LOS ANGELES, USA: The Los Angeles Department of Water and Power (LADWP) has joined forces with SolarWorld to develop an 11.6-megawatt (MW) DC solar system that will generate clean, renewable solar energy to power homes in Los Angeles.
The project pairs the nation's largest municipal utility with the largest and most experienced US manufacturer of crystalline solar power technology. LADWP will install, own and operate the system while SolarWorld will supply complete system engineering and high-performance solar panels and procure balance-of-system components, including advanced SMA America inverters to convert power from the system to 10 MW AC power for transmission to Los Angeles.
Work on the project commenced in February at the LADWP's existing high-desert Adelanto Switching and Convertor Station, after the Board of Water and Power Commissioners approved the project agreement in December 2010. Preliminary designs for the project have been delivered, soil testing has concluded and detailed engineering at Adelanto is now under way.
Aside from supplying 46,322 250-watt SolarWorld Sunmodules, the company will tap project engineering expertise of SolarWorld specialists in the company's Camarillo operations, which have pioneered solar technology since 1975.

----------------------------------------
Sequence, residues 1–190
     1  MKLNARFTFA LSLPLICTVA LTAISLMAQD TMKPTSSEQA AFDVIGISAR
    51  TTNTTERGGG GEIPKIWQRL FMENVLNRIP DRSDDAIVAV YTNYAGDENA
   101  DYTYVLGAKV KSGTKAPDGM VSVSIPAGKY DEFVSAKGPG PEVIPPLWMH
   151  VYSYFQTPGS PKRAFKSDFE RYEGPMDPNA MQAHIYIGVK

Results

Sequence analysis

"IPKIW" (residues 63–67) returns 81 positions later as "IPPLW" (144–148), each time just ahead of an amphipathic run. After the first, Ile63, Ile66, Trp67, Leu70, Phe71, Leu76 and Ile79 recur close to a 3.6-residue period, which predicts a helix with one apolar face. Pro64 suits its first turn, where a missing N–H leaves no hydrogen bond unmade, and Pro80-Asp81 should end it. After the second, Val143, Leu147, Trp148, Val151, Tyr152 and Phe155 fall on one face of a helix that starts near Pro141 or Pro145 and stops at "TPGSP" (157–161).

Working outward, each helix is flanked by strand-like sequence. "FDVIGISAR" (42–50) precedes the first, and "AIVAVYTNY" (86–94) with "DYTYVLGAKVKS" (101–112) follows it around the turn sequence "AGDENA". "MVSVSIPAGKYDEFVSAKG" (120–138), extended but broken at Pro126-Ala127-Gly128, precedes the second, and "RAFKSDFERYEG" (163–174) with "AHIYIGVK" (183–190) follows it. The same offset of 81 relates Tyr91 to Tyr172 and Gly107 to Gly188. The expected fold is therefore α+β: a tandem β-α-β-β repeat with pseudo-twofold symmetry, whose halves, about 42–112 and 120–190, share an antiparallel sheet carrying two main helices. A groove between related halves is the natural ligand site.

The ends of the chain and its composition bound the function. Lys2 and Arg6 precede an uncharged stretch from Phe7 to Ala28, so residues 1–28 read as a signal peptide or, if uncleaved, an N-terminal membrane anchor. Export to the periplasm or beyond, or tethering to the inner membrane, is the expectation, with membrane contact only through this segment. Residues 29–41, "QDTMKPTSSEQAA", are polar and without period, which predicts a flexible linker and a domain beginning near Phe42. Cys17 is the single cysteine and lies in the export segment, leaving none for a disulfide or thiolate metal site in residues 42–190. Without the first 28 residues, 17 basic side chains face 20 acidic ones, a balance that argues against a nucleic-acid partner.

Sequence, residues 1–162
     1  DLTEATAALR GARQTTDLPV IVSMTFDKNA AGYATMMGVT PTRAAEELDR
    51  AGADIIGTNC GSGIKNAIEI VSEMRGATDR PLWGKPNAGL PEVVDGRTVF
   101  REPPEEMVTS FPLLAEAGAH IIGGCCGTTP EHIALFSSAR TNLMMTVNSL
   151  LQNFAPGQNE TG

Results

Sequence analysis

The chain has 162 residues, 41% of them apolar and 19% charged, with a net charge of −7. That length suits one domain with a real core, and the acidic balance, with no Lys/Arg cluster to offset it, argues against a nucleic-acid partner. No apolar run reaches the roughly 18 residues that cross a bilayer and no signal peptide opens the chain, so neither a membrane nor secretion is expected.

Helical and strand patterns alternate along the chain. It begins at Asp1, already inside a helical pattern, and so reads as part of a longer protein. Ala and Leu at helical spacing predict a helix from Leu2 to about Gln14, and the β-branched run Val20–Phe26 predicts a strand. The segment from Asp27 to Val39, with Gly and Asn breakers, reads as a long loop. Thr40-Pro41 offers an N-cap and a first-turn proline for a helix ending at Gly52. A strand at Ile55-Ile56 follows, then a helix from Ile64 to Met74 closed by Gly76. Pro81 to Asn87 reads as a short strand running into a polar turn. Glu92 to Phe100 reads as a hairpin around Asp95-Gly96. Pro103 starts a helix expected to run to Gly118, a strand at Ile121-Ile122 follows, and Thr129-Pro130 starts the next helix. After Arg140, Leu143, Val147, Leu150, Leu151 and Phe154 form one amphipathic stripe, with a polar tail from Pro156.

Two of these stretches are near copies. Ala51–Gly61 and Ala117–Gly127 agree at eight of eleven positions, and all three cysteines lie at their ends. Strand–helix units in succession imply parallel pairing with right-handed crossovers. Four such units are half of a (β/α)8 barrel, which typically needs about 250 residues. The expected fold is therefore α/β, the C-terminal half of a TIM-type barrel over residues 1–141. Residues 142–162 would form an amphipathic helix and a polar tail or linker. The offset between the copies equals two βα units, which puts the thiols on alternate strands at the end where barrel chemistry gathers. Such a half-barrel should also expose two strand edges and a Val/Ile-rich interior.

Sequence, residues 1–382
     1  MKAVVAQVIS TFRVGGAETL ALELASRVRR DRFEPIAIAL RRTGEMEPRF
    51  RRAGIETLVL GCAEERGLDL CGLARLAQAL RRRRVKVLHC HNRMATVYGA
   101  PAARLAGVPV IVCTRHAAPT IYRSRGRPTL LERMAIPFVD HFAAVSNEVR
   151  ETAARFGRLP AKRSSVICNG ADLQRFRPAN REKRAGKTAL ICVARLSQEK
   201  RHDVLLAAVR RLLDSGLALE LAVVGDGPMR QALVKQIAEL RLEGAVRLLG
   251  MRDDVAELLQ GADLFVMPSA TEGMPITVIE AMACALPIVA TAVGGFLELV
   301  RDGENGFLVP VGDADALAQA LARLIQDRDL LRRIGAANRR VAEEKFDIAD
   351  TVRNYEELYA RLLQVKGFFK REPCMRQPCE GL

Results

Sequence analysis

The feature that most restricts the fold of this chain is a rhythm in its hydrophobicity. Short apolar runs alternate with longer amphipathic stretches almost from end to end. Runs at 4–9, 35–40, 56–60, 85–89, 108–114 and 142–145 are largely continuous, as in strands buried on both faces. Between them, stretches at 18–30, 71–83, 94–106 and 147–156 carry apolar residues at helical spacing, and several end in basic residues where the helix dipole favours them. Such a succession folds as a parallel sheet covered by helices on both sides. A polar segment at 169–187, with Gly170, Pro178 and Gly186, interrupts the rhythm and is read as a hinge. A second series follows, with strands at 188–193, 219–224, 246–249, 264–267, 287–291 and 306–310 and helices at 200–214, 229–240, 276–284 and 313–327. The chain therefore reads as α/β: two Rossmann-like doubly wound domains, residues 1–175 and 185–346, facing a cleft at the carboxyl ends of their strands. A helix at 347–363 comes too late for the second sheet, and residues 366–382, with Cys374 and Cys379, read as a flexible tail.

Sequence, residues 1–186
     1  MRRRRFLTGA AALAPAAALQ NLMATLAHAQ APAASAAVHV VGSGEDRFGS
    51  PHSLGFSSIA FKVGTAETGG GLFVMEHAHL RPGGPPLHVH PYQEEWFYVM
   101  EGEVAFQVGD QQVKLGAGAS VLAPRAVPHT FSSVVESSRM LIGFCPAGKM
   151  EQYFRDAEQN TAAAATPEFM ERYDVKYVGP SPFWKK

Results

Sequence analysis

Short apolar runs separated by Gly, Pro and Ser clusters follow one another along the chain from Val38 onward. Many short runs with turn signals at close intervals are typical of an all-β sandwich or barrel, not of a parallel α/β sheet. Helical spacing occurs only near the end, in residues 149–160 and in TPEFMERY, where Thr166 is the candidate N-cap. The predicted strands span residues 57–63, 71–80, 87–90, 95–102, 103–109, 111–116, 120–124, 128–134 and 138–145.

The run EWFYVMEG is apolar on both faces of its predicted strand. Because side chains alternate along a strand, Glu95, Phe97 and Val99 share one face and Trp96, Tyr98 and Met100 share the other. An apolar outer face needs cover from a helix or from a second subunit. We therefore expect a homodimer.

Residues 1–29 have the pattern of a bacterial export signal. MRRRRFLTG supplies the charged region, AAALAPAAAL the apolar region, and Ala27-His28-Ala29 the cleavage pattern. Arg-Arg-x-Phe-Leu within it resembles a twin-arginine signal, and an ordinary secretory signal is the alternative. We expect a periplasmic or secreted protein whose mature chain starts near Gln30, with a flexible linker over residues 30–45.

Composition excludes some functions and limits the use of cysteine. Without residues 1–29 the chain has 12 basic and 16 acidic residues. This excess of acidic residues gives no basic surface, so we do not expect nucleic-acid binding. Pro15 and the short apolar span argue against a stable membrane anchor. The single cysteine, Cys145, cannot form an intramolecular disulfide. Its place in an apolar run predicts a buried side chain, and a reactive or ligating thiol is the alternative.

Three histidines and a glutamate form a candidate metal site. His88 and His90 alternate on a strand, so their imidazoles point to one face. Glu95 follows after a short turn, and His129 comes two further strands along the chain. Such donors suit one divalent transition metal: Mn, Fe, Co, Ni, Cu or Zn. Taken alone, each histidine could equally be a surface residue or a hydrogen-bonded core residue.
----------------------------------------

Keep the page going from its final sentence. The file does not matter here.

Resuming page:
The Adelanto project is expected to produce 22,400 megawatt-hours (MWH) during its first year and 515,700 MWH over a 25-year period. The system will feature several innovative design elements, including interconnection into a critical bulk-grid substation as well as a more efficient, leading-edge 1,000-volt solar power system. Further, the system will incorporate SolarWorld Sunfix ground-mount systems featuring flexible aluminum structures to minimize site-preparation costs.
"The technical features of Adelanto are advanced, and the design requirements are more sophisticated than typical systems of this size," said Raju Yenamandra, U.S. vice president of sales and a 30-year veteran of SolarWorld's plant in Camarillo. "But having built the world's first 1 MW system in California in 1981 and adapted many system types since then, we look forward to once again demonstrating our project-engineering ingenuity."
The Adelanto solar array will be built on a 42-acre site about 65 miles north of Los Angeles in the town of Adelanto, Calif. The station there serves as the southern terminus of LADWP's Southern Transmission System, which links Southern California with renewable energy wind farms and the existing Intermountain Power Project in Utah.
The Adelanto project is one of three LADWP renewable energy projects to be financed by federal Qualified Energy Conservation Bonds. The bonds, offered through the American Recovery and Reinvestment Act, save LADWP customers money by subsidizing loan interest costs.